Interview with 93x


The Minneapolis-based ska ensemble of 3 Minute Hero banded together in 1996 after several jam sessions in the dorms at Minnesota State Moorhead. Get to know 3 Minute Hero as told by lead singer/trombonist, Jeff Nelson.

What brought you all together to be 3 Minute Hero?
What brings together any group of people to be a band? Common love of writing and performing music. The promise of artistic fulfillment. The Scrooge McDuck- sized piles of gold resulting from said artistic fulfillment. Also, the Fargo- Moorhead area, where we started out, is large enough to pull in national acts of all sizes, but the pool of local bands to open for those acts is not huge (or wasn’t, when we were there), so you can be a band just starting out and find yourself opening for Fishbone, which happened to us. Instant gratification for one’s musical endeavours are rare but welcome.

How did you come up with your band name?
It’s the title of a song by The Selector.

How long have you been together performing or creating music?
We’ve had a few incarnations. Version 1.0 started in 1995. We toured hard and recorded three albums from 1995-2000. In 2000, we decided that five years of being on the same bus was enough and that we should take some time to be by ourselves and think about what we had done. We also, in no particular order, got married; had babies; joined other bands; saw the world; and, in one unfortunate turn, moved to Indiana. In 2007 we had our first reunion show. Overwhelmed by the response, we had one the following year. Then another one. Then we started playing new material. Finally, after guitar player, Jay Kalk, moved back from Hawaii and drummer Jonathon Tebeest moved back from New York, we had to admit that we were a real band again.

How would you describe the music you play; what generally do you most identify with & what bands do you most relate to musically?
We play horn rock. Extensive field studies show that it pairs remarkably well with drinking and dancing.

Can you collectively name two of your biggest musical influences? (Or individually)
With eight guys in the band, a list of our influences would read like a playlist of somebody who is, at worst, confused, and at best, musically promiscuous. Performance-wise, we’ve always aimed towards two polestars. James Brown’s live album “Love Peace Power: Live from the Olympia in Paris” in 1971 is the best live album of all-time. That’s an empirical fact. And Elvis’s “Aloha from Hawaii” live album, just for how the flow of a live show should go. And because he’s the King. Not skinny little Elvis; gigantic glorious Old Testament Godzilla Elvis.

What cover music do you play if any at all & are there any specific reason for that particular artist or song?
We don’t do too many covers. We’ve been partial to a band called the Scofflaws. We’ve also been known to bust into a “Lowrider/Final Countdown” medley. Don’t judge.

Who writes your music?
Our songwriting process is a lot like those rogue Russian scientists who sew multiple dog heads onto one body to see what happens. Jay and I have written most of the music. Our current project is one that I presented as a whole to the band and was lucky enough to get everybody’s support on, because it’s enormous. Here are the things are new album is: 1.) a triple-album, 2.) a concept album, 3.) a board game. I shit you not.

Have you been able to record? Where?
We’ve been lucky to record four albums, all in excellent local studios. The last album (“F Minus: Uncollected Works”) and the album we’re currently working on (“Jumbo-Jet Whispers & Thunder-Lizard Serenades”) were/are being recorded at producer/drummer Jonathon TeBeest’s studio in Madison, Wisconsin. I will go on record to say that, yes: it’s worth the drive to Madison. That wasn’t easy for me.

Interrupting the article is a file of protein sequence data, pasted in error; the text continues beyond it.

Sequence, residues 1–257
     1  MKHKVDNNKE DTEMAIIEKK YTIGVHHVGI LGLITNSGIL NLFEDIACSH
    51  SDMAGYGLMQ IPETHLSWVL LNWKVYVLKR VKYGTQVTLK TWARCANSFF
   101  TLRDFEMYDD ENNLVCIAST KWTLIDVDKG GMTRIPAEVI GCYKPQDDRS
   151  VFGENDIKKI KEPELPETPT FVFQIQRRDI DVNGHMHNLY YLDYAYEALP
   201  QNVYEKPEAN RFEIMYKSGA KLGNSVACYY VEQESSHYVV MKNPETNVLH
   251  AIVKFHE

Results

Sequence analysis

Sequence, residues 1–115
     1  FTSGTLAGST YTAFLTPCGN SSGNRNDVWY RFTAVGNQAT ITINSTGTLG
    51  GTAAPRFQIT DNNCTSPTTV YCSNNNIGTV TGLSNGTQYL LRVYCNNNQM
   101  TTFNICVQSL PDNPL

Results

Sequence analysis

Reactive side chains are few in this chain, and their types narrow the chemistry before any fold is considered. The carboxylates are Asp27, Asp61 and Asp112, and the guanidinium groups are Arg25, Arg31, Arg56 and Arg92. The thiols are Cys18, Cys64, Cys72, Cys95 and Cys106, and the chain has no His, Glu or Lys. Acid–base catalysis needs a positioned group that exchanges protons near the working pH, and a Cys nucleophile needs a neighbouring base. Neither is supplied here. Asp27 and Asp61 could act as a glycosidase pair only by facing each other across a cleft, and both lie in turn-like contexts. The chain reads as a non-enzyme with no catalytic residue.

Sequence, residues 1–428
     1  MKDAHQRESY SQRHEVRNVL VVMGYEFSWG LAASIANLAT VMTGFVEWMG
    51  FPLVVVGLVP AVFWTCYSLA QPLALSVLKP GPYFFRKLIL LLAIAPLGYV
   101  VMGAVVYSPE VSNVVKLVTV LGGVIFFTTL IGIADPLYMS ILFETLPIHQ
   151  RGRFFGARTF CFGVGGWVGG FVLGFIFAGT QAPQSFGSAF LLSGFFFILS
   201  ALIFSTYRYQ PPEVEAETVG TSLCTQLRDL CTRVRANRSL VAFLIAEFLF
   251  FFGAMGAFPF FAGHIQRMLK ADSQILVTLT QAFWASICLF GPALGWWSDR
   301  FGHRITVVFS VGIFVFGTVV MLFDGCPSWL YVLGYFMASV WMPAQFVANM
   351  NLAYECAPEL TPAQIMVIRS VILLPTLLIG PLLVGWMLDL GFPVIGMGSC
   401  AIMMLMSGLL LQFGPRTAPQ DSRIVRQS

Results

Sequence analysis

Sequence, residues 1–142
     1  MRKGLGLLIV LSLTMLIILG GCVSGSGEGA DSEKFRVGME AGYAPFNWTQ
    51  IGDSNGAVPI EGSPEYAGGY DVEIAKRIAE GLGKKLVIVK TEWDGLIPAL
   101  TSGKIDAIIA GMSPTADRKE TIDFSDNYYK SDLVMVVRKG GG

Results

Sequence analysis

Have you been on tour – where?
We have seen cacti and cheesesteaks in their natural environments.

Where do you normally perform?
In town, we have been playing Bunker’s and Lee’s. Bunker’s is an exceptionally good sounding stage and room. And they let the band make their own cheeseburgers. Lee’s is an institution. Plus, they’ve got a goddamn puma on the wall. A Puma!

How do you plan to expand on the future of your band?
We are at a point where we only do things that we think are awesome. Is there a market for concept-triple-vinyl-board game albums? We honestly don’t give a shit, but we think it’s cool. We believe in it. Our fans – and we easily have the best fandom out there – think it’s fun, and they’ve been with us through all kinds of ridiculousness.

The band’s Facebook and website seem like you guys like to be pretty humorous; is that the same attitude you take when writing music and performing?
Yes. We live in a world where people shoot cartoonists and chop the heads off of innocent human beings. Until our wishes of attachable justice-seeking laser chainsaws are granted, humor is our best weapon against the forces of hatred and the absurdity of everyday life.

Why the unicorn? Your website seems more like a blog? Do you guys consider music as just an aspect of who you are asa band or are there more “serious” things you want people to identify you by?
The age old question: “Why the unicorn?” To which we respond: “Why not the unicorn?” Unicorns are the shit! Unicorns are narwhals with gumption. All it took was one narwhal to ask, “What if we grew legs, hooves, and a beautiful shimmering mane, and crawled out of this briny mess?” Nobody’s ever seen a lazy-ass narwhal majestically galloping up to a waterfall beneath the gentle glow of a full moon, rear up on its hind legs and whinny.

What most memorable experience you have had as a band?
When we discovered that we all share the same set of biological grandparents.

And finally, what is your spirit animal?
The mighty brown bear. I like salmon and berries. I like to sleep. I occasionally lash out and eat people who think I’m tame. Maybe a dragonfly though.